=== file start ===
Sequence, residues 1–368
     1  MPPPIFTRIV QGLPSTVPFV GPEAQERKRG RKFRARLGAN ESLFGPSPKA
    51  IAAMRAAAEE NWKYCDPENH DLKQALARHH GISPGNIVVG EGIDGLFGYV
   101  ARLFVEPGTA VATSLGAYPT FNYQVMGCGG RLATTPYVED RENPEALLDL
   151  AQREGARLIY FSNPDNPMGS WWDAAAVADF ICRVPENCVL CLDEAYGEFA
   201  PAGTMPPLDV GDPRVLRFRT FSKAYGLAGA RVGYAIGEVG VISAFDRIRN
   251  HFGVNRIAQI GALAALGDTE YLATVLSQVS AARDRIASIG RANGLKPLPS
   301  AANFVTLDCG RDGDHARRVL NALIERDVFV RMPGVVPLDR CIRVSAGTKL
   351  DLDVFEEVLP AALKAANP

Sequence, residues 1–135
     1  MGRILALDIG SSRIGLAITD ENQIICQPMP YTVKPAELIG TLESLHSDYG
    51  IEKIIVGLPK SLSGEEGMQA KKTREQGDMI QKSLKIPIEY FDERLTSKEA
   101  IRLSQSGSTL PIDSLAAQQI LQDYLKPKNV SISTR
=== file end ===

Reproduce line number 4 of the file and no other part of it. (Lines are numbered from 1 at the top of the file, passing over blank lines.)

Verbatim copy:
   101  ARLFVEPGTA VATSLGAYPT FNYQVMGCGG RLATTPYVED RENPEALLDL